GST and the Place of Supply of Prepaid Telecommunication Products

Consider prepaid products that entitle the final purchaser to future telecommunication services—for example, personal identification numbers (PINs) and prepaid calling cards associated with a PIN, which provide for a certain number of minutes of inbound or outbound calling, in Canada or internationally. How does one determine whether the sale of such a product requires the collection of GST (as an in-Canada supply) and, if so, which provincial rate applies? The CRA’s present position on this question is challenging to apply: it requires one to make many assumptions about the ultimate use of the telecommunication services.

Telecommunication service is defined in part in ETA subsection 123(1) as “the service of emitting, transmitting or receiving signs, signals, writing, images or sounds or intelligence of any nature by wire, cable, radio, optical or other electromagnetic system, or by any similar technical system.” According to ETA paragraph 142.1(2)(b), the place of supply of the telecommunication service is located in Canada if at least two of the three listed functions are fulfilled—that is, the property must have been emitted in Canada, the property must have been received in Canada, or the billing location of the telecommunication service must be in Canada (the two-out-of-three rule). The billing location is the location of the telecommunication facility used to initiate the telecommunication service—for example, a cellphone (ETA subsection 142.1(1)). Note that the two-out-of-three rule is also used to determine the applicable provincial tax, in particular the HST and the QST (see Revenu Québec’s letter of interpretation 03-0106892, December 16, 2003).

With respect to prepaid products, the CRA’s longstanding position is that the amount paid is consideration paid in advance for the supply of a telecommunication service, with the result that the specific rules on the place of supply under ETA section 142.1 apply (see CRA Headquarters Ruling RITS Interpretation no. 8404, March 28, 2002). Thus, a registrant who sells prepaid telephone cards or PINs to a sub-distributor or a final purchaser must first determine—or even presume on the basis of the location of the sale—where the telecommunication will be emitted or received, or the location of the cellphone that will be used to initiate the telecommunication, even before the telecommunication has been effectively received or emitted by the final purchaser of the prepaid product. Given the uncertain application of the two-out-of-three rule, applying the GST—and, in particular, the HST or the QST—to the interprovincial supply of prepaid products between distributors becomes all the more complex. At present, no court has ruled on the validity of the CRA’s position.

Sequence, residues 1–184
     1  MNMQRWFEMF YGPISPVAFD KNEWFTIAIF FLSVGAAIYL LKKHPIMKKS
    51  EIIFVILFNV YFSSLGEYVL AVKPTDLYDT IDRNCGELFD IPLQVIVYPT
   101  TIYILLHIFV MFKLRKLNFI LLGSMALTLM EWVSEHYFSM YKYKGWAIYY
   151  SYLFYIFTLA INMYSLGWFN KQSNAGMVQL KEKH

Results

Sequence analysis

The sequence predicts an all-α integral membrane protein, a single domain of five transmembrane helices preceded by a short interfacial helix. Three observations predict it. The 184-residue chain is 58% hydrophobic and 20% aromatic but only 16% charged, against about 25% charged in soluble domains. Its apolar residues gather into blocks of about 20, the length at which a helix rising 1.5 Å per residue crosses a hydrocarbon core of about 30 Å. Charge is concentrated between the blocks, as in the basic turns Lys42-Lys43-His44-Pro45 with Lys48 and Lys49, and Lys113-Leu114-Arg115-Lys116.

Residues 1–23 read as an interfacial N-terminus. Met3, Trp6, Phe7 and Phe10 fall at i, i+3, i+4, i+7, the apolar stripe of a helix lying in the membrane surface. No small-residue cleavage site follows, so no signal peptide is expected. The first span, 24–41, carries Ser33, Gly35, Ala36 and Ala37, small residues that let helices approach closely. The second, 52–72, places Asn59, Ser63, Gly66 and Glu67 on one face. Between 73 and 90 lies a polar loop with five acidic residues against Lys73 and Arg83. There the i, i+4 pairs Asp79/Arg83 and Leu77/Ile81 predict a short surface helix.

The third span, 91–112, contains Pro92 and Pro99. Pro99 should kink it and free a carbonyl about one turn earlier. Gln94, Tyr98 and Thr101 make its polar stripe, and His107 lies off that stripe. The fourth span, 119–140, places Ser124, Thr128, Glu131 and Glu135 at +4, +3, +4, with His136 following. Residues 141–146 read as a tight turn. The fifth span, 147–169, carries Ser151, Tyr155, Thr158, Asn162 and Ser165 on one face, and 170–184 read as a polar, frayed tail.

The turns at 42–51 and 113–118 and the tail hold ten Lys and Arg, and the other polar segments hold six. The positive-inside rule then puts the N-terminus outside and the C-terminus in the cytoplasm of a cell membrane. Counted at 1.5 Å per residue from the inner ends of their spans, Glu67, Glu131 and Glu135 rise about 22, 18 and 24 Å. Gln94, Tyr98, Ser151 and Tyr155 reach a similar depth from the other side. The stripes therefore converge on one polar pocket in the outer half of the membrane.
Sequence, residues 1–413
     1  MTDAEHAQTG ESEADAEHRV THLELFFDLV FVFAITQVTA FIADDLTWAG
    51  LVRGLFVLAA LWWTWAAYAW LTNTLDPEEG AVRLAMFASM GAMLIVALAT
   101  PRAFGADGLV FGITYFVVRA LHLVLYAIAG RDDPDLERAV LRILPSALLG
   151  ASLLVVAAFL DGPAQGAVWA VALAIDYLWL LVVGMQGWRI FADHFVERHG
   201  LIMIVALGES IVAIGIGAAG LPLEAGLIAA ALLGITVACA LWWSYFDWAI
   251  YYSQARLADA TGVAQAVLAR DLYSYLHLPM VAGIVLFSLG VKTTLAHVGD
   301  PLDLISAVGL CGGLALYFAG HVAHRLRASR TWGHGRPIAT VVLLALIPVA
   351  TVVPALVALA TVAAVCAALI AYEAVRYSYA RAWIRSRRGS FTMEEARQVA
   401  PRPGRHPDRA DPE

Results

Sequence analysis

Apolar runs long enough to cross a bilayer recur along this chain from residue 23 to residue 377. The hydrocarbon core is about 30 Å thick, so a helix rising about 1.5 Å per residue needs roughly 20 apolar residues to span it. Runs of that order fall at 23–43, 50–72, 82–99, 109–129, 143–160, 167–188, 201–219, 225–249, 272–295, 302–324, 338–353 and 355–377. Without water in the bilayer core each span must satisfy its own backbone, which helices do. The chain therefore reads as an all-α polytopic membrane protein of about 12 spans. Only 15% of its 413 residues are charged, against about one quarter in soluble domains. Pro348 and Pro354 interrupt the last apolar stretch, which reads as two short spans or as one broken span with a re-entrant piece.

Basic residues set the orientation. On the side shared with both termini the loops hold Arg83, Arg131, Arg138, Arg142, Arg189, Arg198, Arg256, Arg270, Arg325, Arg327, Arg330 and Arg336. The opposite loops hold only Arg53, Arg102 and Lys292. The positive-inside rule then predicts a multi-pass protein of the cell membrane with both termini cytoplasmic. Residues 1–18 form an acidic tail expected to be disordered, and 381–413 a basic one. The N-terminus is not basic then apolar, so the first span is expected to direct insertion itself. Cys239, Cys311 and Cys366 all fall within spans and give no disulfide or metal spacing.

A legislative amendment to clarify the taxes applicable to various prepaid telecommunication products, whether telecommunication services, incorporeal movable property, or gift cards, is both desirable and feasible. One possibility is to give prepaid products the same tax treatment as that currently provided to gift certificates, since the two products appear to have the same economic characteristics. This policy would require a change to the CRA’s April 2012 GST/HST Policy Statement P-202 on Gift Certificates, in which the CRA states that the specific ETA rules pertaining to gift certificates do not apply to the supply of a telephone card to be redeemed against future telecommunication services.

Stéphanie Jean
De Chantal D’Amour Fortier s.e.n.c.r.l., Montreal
sjean@dcdaf.qc.ca

Canadian Tax Focus
Volume 5, Number 2, May 2015
©2015, Canadian Tax Foundation